Additionally, during the stop, Officers Leal and Heurta asked to search Garcia's vehicle. Id. Garcia claims that Officer M.S., who was working undercover at the residence where she picked up Rodriguez, instructed the other officers to attempt to search the vehicle. Id. at 3. Garcia claims she refused to give consent to the search. Id. Officers Leal and Heurta allegedly ordered Garcia to exit her vehicle, and searched her car, including the trunk, and Officer Jones searched Garcia's body. Id. at 4. Officer Heurta also placed Garcia in handcuffs and Garcia alleges she was held in a patrol car for approximately 45 minutes to an hour during Rodriguez's arrest. Id. Garcia alleges that during this detention, Officer Huerta seized her cell phone and erased “a section of her phone recordings of the events.” Id. Eventually, Garcia was released. Id. at 5. The individual defendant officers admit to searching the car and Garcia and detaining Garcia, claiming their actions were lawful as incident to Rodriguez's arrest. Dkts. 17, 37, 41. The individual defendant officers deny deleting the contents of the cell phone video and claim that they only entered the trunk because Garcia gave them permission to look for her child's bottle in the trunk. Id.

         On November 17, 2014, Garcia filed a complaint with the Houston Police Department Internal Affairs Division (“IAD”) regarding the traffic stop. Dkt. 35 at 5. Garcia claimed that she was racially profiled and the traffic stop was illegal. Id. Garcia alleges that, after she filed the IAD complaint, “at least” Officer M.S. contacted the HCDAO regarding the complaint and that she was questioned by her employer about the events of the traffic stop. Id.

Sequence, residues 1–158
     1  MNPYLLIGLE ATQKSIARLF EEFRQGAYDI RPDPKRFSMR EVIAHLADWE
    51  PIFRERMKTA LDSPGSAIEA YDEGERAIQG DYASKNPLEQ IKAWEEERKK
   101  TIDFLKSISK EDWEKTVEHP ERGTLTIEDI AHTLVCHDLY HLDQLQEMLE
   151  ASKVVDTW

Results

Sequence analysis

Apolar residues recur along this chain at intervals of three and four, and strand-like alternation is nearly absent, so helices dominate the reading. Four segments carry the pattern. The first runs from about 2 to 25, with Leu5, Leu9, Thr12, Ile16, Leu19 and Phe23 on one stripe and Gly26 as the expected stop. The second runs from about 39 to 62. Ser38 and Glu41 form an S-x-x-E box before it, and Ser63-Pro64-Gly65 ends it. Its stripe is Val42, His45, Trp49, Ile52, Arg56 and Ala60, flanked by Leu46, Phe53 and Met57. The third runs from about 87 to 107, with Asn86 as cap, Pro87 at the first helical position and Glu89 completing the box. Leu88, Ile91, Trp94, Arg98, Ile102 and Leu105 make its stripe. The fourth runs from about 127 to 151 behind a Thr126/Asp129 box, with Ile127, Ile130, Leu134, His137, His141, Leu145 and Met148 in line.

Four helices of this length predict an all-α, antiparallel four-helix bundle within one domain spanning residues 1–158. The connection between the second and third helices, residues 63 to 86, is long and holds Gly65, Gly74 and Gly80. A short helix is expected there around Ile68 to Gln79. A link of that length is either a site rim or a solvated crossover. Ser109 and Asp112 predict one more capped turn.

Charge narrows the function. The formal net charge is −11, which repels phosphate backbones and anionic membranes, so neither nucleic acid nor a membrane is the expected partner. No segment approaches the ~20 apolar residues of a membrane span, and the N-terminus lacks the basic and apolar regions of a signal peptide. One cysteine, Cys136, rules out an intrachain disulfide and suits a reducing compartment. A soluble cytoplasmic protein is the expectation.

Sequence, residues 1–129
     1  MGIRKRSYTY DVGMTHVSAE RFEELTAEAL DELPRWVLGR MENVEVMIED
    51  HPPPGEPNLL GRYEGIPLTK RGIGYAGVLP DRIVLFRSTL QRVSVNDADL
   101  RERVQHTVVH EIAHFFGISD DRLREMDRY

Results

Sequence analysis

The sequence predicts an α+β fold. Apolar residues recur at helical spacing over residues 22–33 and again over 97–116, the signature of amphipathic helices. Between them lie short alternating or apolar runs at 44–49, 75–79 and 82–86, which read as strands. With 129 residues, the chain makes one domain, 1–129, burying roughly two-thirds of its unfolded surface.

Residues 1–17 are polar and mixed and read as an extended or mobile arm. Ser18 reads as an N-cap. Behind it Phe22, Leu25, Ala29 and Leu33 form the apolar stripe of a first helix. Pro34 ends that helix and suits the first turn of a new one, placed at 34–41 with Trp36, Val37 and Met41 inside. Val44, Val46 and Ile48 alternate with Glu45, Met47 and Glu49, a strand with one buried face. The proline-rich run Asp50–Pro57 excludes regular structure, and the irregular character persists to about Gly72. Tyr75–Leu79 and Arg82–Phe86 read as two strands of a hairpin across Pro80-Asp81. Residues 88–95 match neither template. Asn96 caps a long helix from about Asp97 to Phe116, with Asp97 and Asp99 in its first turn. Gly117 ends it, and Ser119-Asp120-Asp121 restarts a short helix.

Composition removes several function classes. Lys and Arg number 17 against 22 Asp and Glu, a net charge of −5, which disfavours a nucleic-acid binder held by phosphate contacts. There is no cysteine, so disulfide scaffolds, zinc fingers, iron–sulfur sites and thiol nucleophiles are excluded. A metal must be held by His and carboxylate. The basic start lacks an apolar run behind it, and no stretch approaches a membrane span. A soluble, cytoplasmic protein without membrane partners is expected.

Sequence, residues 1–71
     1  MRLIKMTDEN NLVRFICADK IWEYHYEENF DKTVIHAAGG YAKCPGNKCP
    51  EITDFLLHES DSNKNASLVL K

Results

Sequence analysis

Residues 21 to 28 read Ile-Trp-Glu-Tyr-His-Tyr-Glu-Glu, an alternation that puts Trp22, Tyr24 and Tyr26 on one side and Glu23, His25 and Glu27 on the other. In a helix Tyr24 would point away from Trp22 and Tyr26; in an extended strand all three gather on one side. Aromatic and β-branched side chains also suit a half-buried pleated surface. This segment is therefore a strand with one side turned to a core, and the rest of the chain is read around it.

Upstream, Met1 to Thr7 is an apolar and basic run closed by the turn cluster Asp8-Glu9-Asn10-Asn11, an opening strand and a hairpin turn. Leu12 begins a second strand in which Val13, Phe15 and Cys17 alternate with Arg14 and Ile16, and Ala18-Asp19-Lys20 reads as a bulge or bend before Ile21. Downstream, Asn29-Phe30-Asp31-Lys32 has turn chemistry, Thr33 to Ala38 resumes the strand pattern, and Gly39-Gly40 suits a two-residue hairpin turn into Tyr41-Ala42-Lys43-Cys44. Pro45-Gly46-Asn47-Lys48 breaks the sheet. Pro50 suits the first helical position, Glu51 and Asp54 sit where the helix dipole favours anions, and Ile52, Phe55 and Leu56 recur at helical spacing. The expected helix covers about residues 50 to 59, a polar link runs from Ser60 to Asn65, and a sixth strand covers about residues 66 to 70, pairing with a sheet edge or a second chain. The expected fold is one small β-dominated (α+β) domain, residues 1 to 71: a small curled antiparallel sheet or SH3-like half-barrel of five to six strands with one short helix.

On November 20, 2014, the HCDAO placed Garcia on administrative leave with pay pending an investigation. Id. at 6. On December 19, 2014, the HCDAO terminated Garcia's employment. Id. Later, through an open records request, Garcia received a copy of a memo stating that she was terminated for dishonesty regarding both the traffic stop and her awareness of Rodriguez's criminal history. Id. Garcia alleges that she was honest at all times and these reasons were “pre-textual.” Id.

         On November 4, 2016, Garcia filed her second amended complaint against the defendants. Dkt. 35. First, Garcia asserts causes of action against Harris County under Title VII for termination due to race, national origin, and/or retaliation and under § 1983 for civil rights violations. Dkt. 34 at 10-13. Second, Garcia asserts causes of action against the individual defendant officers and the City of Houston under § 1983 for violation of her rights for freedom of speech, to petition the govenmernment for redress of grievances, and to be free from unreasonable searches and seizures, under the First, Fourth, and Fourteenth Amendments to the United States Constitution. Dkts. 35 at 15-16. The City of Houston, the individual defendant officers, and Harris County have all moved to dismiss Garcia's claims, or in the alternative, moved for a more definite statement. Dkts. 17 (City of Houston), 37 (Harris County), 58 (individual defendant officers). Garcia responded. Dkts. 36, 45, 61. The City of Houston and Harris County replied. Dkts. 41, 46.

         II. Legal Standards

         A. Motion to Dismiss

         “Federal Rule of Civil Procedure 8(a)(2) requires only ‘a short and plain statement of the claim showing that the pleader is entitled to relief.'” Bell Atl. Corp. v. Twombly, 550 U.S. 544, 127 S.Ct. 1955, 1964-65 (2007). In considering a Rule 12(b)(6) motion to dismiss a complaint, courts generally must accept the factual allegations contained in the complaint as true. Kaiser Aluminum & Chem. Sales, Inc. v. Avondale Shipyards, Inc., 677 F.2d 1045, 1050 (5th Cir. 1982). The court does not look beyond the face of the pleadings in determining whether the plaintiff has stated a claim under Rule 12(b)(6). Spivey v. Robertson, 197 F.3d 772, 774 (5th Cir. 1999).